The eighth professional fight of Alexander Gustafsson’s mixed martial arts career on May 30, 2009, went pretty much like the previous seven. Fighting Ukrainian journeyman Vladimir Shemarov in his hometown of Stockholm, Sweden, the six-foot, five light heavyweight prospect looked like he was competing against a small child, and the result was inevitable from the time the bell rang until the referee intervened a little over two and half minutes later.
Gustafsson’s next step would be the UFC, but he wondered whether graduating from the Shemarovs of the world to the elite fighters in the game would be too big of a leap so soon. “I didn’t really know what to expect,” said Gustafsson. “I just knew the big stars were fighting for the UFC.” He pauses. “And then I had my first fight and I knocked the guy out in 41 seconds and I was like, ‘Whoa, this is easy. I’m just gonna do this now.’”
The Big Show
Gustafsson, 25, laughs when thinking back to his 22-year-old self and how he thought a blistering first-round knockout of Jared Hamman at UFC 105 in November of 2009 was going to be par for the course in the Octagon. He found out otherwise five months later when he met fellow unbeaten Phil Davis.
“He took me down and made me realize what it is to be a professional fighter, and how it is to live as a fighter, and that you have to be constantly learning,” said Gustafsson, who was submitted by Davis with five seconds left in the first round. He hasn’t lost in six fights since, including a December 8 showdown with former light heavyweight champion Mauricio “Shogun” Rua, “The Mauler” is seen by many as the one fighter with the size, skill set, and athleticism to truly challenge current 205-pound boss Jon Jones. Not that he allows himself the luxury of looking too far ahead. He’s already done that once before.
“I always have an eye on the champ—that’s my main goal, to fight for the title and bring home the belt,” he said. “That’s what every fighter wants. But I never look past an opponent."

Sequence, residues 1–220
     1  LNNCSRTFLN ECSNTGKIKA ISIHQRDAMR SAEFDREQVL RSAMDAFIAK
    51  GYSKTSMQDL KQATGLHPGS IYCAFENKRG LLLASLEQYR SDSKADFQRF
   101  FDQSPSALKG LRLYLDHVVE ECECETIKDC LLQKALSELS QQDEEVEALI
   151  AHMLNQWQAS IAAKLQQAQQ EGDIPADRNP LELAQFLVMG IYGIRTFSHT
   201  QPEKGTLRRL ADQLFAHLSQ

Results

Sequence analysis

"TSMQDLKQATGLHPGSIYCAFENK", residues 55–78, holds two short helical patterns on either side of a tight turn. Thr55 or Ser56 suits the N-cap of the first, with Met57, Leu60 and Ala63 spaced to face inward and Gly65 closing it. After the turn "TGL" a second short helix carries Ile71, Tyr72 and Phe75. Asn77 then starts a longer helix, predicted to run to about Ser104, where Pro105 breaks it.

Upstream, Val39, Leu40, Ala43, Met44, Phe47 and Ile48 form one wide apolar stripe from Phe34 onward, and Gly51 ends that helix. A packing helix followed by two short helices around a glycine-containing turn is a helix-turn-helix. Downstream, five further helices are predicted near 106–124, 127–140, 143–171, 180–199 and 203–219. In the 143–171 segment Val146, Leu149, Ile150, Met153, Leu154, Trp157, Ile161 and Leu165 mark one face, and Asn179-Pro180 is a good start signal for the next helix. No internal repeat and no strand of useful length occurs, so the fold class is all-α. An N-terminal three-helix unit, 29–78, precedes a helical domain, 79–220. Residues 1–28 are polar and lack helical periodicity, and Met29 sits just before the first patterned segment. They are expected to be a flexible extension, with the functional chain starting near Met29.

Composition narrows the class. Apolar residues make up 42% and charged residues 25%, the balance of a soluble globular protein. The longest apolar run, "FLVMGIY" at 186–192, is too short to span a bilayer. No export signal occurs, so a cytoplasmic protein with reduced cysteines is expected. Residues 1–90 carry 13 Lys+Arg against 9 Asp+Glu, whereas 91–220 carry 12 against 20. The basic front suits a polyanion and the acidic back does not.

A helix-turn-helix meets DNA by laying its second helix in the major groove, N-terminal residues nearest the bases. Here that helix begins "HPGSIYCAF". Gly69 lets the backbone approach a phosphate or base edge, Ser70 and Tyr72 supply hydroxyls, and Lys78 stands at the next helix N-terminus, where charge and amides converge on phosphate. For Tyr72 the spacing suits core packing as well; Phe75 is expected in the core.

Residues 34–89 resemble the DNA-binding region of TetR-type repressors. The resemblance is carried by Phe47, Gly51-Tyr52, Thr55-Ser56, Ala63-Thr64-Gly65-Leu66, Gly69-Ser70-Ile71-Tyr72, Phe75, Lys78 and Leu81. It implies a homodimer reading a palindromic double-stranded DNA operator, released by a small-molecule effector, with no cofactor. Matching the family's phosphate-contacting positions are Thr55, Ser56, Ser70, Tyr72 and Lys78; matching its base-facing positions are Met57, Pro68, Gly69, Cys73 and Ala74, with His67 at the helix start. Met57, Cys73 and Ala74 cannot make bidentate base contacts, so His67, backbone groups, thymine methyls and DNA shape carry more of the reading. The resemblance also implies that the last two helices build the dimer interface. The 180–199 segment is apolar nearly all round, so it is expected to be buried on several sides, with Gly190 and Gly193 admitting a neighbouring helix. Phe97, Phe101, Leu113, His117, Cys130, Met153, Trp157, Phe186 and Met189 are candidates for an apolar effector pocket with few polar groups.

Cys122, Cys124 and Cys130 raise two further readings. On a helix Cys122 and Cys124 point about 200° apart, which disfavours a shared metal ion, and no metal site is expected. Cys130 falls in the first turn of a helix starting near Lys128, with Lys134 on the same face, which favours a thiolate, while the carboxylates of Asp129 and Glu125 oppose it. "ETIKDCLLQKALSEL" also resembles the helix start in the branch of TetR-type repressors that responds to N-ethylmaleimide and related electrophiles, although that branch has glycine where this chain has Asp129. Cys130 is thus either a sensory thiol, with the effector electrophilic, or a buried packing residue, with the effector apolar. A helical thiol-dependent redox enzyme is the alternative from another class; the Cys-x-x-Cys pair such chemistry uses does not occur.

An Unlikely Friendship
Funny what one loss can do, but it wasn’t just the lone blemish on his 14-1 record that kicked Gustafsson’s career into gear, but a post-fight talk with the man who was responsible for it.
“I was super pissed off, and Davis was super happy. I don’t even remember what I said,” laughed Gustafsson. “But he invited me to Alliance [Davis’ gym in San Diego] to train, and I talked to Andreas Michael, my head coach, and he talked to Eric Del Fierro, the head coach of Alliance, and everything felt good, so we said, ‘Why not? Let’s go overseas and train and see how it is,” and we did it.”
Many times, MMA will surprise you. This was one of them, as a former national wrestling champion from the United States formed an instant bond with a Swedish striker, inviting him to be a part of his training team across the world after they just traded blows in the Octagon.
“We have so much in common,” said Davis when asked about how the pair went from opponents to training partners. “We’re young guys and we were getting into MMA, we both didn’t have a whole bunch of fights, and you know when you just meet someone and have an instant parallel with them, and that’s basically what it was.”
It’s just one of many happy accidents that led to Gustafsson’s current standing as one of the UFC’s top light heavyweights. Born in Arboga, a town with a population of just over 10,000 people, Gustafsson found his way to a boxing gym at the age of 12, but not because he had dreams of becoming the next Ingemar Johansson. “I just trained boxing because my friends did it and I thought it was a cool thing to do,” he recalled. “I was a young kid. I trained for a while and then I stopped for a year. I didn’t know what to do, so I moved to another city with a friend and I was just hanging out. I was scuba diving a lot on the west coast of Sweden. I did that until I was a dive master, and I was having fun and just did everything.”
Everything eventually included a trip to a local mixed martial arts gym. Game over. “I trained the first session, and after that I started looking at all these YouTube clips of old PRIDE fights with Cro Cop, Wanderlei Silva, and all these guys, and I got hooked. Since then I’ve been doing it.”
With his size, athletic gifts, and raw talent, Gustafsson obviously had a high upside in his new sport. Andreas Michael, a former coach for the Swedish boxing team, saw it immediately. “Alex was a tremendous athlete and talent,” said Michael. “I’ve gone to the World games, the European games, and I’ve got medals in those as well, so I’m used to training very good athletes at a high level, and I can tell you that Alex is one of the hardest working and best athletes that I’ve ever trained.”
Tearing through the European circuit after turning pro in November of 2007, Gustafsson loved the sport, but it wasn’t until the wins started piling up that he thought it could become something bigger. “I just took one fight at a time, and I did it on the side as a hobby. Then I was 5-0, 6-0, and I realized I could do something and make a career out of it, and I decided to go all in.”